The parent company of a group that provides free telescope views over the Internet has received a Connecticut government grant of $30,000 to buy a new telescope.
The new telescope for the online Slooh Community Observatory will be used for asteroid research. The telescope, whose size and parameters were not disclosed in a press release, will form part of a network of observatories that are expected to help NASA choose candidate asteroids for a manned mission. The agency intends to send astronauts to a space rock towed into orbit around the moon.
Slooh and NASA plan to train citizen astronomers to do follow-up observations of asteroids found by professional astronomers, to learn more about the rocks' rotation and size (which is needed to figure out the asteroids' orbits).
The telescope can also be used to search for and characterize asteroids that could pose a hazard to Earth. Of the 10,957 near-Earth asteroids found so far, about 13 percent (1,472 asteroids) are possibly hazardous.
In all, Slooh plans to add 10 telescopes to the Institute of Astrophysics of the Canary Islands to participate in the asteroid campaign.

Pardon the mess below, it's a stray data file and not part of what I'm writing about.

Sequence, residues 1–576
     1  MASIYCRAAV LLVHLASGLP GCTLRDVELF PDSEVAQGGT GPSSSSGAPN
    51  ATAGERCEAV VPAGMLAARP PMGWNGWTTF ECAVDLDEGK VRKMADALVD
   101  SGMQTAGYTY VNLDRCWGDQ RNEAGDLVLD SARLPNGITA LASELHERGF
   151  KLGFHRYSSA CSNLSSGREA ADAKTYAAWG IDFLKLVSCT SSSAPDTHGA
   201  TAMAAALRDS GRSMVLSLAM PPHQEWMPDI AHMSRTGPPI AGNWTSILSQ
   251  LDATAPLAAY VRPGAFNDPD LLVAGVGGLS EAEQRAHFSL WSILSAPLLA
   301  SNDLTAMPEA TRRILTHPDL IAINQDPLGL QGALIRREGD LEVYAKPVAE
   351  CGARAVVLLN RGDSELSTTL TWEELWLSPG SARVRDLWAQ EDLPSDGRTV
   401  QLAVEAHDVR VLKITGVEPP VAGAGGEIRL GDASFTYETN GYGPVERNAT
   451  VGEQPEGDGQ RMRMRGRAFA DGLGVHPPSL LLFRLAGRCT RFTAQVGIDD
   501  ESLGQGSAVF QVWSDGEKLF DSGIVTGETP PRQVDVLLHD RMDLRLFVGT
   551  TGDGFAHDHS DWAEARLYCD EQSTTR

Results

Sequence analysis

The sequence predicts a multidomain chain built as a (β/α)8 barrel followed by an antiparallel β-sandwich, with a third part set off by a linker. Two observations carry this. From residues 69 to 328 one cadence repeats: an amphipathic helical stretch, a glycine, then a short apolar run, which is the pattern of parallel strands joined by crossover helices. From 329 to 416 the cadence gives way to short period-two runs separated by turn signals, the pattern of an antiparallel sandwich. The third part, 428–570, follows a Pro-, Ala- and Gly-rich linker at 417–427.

"We're proud to be providing the essential resources that Slooh needs to expand their unique program to mobilize people around the world to monitor asteroids that may threaten our planet," Elliot Ginsberg, the president and CEO of the Connecticut Center for Advanced Technology, Inc., where Slooh is based, said in a statement.
Slooh observactory representatives said that there is much work to be done in looking for asteroids, as many near-Earth rocks likely remain undiscovered. Astronomers estimate that 90 percent of 0.6 mile-across (1 kilometer) asteroids near Earth have been found, but only 30 percent of 459-foot (140 meters) asteroids and 1 percent of 98-foot (30-meter) rocks.
Funds came from Connecticut's department of economic and community development.
"This grant supports Slooh's model of collaborative consumption," stated Michael Paolucci, founder and CEO of Slooh. "By enabling people to share powerful telescopes situated at world-class observatories, we have built the easiest and most affordable way to train and engage citizen astronomers in performing real science. Absolutely anyone can learn to do this."